And so the weekend getaway that is depicted here — with its focus on food and wine and fanciful fireside tales — is a (cleverly written) microcosm of Australian society.

But (the appropriately named) Demons is not so much a novel but a collection of short stories masquerading as a novel and you either like that kind of format or you don’t. Admittedly, I’m not a fan, and while I admire Macauley’s silky and immediate prose style, his masterful way with dialogue and his clever expose on pertinent Australian issues — land rights, refugees, the dream of owning the quarter-acre block, 21 years of economic growth et al — I felt the book was weakened by the format. In other words, the whole is not greater than the sum of its parts. You may beg to differ.

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10 thoughts on “‘Demons’ by Wayne Macauley

  1. Canterbury Tales for the modern age and for Australian society? I’m not a huge fan of that format either, but perhaps it works better than a random collection of short stories?

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    • I think that’s a fair point — I’m not sure the book would have worked as a random collection of short stories. At least the current structure offers a unifying thread in the form of a group of friends sharing stories.

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    • I’m a Chuck Palahniuk fan, but not read Haunted… I think I have a copy somewhere, but didn’t realise it was a “short story collection”. And yes, do add The Cook to your list — it’s a really great satire on the whole foodie industry.

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  2. I’m not a short story enthusiast, so this one didn’t quite work for me either. Everybody seems to be doing short stories these days, as if the market has decided that readers don’t have the commitment to read a novel any more, and this one is a sort of two-bob-each-way.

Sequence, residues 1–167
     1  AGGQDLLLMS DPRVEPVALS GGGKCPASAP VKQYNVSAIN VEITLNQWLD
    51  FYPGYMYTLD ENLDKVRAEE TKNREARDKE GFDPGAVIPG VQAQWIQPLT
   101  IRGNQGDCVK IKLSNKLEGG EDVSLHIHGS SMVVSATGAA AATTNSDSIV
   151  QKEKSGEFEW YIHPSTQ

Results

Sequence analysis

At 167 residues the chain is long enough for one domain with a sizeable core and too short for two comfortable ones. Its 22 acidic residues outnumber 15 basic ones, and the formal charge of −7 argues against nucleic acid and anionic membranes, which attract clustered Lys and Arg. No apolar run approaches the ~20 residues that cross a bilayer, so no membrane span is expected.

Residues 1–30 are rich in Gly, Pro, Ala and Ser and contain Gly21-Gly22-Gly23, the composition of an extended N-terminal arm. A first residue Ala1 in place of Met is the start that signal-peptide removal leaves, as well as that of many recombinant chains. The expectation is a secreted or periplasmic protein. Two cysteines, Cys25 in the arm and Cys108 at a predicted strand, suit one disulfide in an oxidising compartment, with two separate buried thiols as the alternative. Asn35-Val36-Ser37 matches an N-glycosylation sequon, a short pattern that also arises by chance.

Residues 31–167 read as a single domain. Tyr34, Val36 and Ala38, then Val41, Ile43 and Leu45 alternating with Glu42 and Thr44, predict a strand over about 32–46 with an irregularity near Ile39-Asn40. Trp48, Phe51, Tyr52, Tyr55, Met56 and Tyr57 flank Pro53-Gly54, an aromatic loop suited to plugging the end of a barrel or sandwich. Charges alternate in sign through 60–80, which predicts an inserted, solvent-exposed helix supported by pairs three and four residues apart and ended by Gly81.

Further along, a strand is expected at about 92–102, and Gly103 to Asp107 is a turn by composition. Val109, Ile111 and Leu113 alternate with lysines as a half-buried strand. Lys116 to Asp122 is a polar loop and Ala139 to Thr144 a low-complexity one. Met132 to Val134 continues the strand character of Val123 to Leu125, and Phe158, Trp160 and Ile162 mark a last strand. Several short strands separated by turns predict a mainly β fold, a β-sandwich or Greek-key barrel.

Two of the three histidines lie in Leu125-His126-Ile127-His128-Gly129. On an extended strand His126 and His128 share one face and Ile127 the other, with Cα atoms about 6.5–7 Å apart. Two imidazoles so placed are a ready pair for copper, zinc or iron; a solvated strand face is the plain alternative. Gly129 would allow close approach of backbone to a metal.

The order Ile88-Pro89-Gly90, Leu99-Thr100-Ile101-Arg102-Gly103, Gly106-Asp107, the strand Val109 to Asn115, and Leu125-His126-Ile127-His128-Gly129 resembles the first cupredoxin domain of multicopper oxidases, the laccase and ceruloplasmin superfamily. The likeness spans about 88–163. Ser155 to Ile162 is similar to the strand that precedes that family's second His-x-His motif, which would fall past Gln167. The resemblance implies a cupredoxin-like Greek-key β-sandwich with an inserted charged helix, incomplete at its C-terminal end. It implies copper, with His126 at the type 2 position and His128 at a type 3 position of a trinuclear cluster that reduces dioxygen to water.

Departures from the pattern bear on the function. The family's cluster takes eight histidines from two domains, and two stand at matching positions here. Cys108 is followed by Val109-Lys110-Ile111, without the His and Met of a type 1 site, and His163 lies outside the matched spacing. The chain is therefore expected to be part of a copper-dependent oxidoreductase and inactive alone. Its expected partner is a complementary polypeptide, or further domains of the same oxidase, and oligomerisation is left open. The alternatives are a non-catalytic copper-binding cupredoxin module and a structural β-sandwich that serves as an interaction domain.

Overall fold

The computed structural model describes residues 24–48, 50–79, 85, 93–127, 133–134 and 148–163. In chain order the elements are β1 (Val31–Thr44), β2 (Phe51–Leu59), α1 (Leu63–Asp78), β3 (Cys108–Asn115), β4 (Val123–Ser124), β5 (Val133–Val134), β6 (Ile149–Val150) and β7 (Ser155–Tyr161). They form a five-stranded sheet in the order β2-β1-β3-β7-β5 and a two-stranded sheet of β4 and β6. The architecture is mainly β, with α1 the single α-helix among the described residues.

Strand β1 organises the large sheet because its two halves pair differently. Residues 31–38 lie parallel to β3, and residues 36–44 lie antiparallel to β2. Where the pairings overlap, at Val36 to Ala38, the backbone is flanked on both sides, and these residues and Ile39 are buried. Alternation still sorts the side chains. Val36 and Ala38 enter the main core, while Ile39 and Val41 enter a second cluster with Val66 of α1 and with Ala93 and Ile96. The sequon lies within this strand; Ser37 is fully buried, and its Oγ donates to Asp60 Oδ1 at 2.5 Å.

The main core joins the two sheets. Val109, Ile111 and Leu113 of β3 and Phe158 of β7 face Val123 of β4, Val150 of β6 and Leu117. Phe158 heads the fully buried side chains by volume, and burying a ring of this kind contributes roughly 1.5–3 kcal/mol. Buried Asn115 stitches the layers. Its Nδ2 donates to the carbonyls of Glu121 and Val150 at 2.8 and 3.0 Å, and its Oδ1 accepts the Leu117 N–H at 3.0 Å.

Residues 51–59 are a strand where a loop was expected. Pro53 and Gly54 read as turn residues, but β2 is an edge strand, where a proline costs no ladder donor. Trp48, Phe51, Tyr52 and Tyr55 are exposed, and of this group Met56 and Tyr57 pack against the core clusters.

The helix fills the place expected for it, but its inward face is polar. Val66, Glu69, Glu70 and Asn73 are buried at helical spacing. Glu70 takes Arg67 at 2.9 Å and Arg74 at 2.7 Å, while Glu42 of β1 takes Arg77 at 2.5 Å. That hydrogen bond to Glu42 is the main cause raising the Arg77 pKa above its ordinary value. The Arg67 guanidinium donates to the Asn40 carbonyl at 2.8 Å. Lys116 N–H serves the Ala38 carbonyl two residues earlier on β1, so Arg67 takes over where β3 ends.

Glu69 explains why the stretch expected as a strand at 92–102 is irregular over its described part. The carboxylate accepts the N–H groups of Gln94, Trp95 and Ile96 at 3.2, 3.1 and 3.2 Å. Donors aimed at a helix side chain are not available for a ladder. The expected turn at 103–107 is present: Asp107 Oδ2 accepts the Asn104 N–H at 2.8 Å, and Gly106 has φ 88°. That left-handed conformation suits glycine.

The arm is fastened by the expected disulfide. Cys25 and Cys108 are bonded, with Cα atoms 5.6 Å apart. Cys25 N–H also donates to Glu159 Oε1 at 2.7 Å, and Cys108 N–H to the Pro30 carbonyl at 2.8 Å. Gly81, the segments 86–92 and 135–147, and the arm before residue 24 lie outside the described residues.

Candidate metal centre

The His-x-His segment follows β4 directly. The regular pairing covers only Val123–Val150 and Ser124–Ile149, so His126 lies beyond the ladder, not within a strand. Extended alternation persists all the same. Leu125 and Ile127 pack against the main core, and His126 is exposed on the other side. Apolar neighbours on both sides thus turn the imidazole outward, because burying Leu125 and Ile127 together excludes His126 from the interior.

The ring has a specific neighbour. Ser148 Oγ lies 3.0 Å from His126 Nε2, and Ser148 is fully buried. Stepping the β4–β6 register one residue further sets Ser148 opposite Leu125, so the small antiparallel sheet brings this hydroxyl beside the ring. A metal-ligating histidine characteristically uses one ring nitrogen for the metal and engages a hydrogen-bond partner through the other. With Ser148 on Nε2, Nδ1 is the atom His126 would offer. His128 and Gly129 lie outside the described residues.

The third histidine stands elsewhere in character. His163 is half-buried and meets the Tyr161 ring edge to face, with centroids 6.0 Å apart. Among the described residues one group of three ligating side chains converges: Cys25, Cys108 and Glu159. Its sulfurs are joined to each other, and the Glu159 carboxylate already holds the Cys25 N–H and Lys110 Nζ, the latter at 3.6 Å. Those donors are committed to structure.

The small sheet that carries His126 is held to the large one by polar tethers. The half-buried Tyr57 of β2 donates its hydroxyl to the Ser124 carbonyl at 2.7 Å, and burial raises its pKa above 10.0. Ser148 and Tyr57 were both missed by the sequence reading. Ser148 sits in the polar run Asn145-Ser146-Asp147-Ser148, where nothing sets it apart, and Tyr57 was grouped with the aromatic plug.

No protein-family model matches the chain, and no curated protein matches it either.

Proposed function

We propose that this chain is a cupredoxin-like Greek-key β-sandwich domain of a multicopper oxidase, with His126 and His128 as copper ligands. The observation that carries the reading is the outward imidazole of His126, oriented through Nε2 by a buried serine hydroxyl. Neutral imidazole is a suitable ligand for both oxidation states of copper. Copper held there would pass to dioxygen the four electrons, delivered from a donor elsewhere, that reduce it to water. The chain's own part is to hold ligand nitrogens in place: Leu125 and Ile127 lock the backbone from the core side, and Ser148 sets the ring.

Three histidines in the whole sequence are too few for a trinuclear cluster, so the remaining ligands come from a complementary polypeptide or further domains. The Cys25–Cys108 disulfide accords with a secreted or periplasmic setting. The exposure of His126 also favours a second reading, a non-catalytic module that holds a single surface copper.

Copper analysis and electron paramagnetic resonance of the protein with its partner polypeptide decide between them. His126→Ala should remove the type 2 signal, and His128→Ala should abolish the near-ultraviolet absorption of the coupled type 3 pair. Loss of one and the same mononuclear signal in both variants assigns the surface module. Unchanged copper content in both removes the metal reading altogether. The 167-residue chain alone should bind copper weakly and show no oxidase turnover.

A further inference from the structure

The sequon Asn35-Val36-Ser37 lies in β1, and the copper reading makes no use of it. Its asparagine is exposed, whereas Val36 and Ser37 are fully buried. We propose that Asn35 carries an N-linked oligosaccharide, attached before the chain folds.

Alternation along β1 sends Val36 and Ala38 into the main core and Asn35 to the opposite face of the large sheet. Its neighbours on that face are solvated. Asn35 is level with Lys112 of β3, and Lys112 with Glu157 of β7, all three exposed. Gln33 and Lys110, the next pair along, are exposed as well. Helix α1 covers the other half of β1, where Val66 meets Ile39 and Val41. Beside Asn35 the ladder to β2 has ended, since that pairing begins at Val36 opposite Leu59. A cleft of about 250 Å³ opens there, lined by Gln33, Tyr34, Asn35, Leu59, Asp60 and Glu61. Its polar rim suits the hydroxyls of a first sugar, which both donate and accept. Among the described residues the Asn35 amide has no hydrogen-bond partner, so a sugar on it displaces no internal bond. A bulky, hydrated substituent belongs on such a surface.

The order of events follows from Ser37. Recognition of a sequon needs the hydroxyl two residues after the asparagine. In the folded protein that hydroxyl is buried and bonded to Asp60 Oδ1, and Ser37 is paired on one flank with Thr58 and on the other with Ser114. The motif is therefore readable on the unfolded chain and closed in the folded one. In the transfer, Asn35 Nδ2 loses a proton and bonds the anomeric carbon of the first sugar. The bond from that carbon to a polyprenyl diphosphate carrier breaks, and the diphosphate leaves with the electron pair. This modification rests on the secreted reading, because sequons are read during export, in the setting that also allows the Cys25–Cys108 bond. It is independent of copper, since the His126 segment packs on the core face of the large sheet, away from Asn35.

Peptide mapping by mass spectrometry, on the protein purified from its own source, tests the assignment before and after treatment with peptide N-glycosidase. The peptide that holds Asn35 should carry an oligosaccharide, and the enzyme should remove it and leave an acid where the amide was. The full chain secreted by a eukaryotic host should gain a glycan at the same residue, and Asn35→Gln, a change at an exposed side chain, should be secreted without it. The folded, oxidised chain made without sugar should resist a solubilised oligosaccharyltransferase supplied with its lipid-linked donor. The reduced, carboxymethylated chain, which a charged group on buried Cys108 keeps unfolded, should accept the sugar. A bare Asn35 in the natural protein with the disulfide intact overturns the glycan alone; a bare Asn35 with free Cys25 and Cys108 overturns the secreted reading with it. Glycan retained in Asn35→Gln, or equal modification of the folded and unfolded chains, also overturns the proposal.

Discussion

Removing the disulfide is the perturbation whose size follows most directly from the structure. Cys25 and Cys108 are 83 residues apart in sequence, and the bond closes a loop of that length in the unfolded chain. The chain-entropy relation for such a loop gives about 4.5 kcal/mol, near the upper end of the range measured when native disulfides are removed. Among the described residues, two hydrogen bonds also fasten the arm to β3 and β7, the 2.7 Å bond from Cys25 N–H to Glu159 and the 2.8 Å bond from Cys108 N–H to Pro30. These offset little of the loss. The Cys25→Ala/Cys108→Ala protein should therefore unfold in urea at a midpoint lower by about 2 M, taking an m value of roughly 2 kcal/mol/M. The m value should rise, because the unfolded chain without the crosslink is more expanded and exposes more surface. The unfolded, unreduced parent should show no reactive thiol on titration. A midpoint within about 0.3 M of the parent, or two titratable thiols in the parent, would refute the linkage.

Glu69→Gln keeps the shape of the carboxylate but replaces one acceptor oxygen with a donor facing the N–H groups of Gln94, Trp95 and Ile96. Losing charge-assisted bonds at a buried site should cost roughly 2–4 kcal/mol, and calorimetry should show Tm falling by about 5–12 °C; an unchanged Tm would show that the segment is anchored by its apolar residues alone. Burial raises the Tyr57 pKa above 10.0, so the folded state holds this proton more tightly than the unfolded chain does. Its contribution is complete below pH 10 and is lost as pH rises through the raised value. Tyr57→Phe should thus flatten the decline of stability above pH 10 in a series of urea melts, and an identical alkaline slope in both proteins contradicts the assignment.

But yes, Macauley is spot on about how Australia is such a fortunate society and yet so many people are always discontented…

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    • There’s certainly a lot of short story collections around and I have grown to quite like them (they’re often perfect for commuting — one story on the ride in, another on the ride home) but when I buy/borrow a book I want to know it’s a short story collection, I don’t want to be (falsely) told it’s a novel. It feels like misleading advertising to me.

      And don’t get me started about Australians who don’t know how good they’ve got it 😉 It was quite an eye-opener last time I went home. I wanted to shake everyone and tell them to come live in “austerity Britain” for a bit, then they’d realise they had absolutely nothing to complain about.

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  3. Yes, I completely agree with you. I’ve just finished this and found it disappointing in comparison to The Cook. I quite liked the same farm story as you and I also thought the hospital one was interesting, but overall it just didn’t work.

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    • I liked the hospital story too (as far fetched as it sounded) but overall this collection (I refuse to call it a novel) felt a bit patched together.

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  4. Pingback: ‘Merciless Gods’ by Christos Tsiolkas | Reading Matters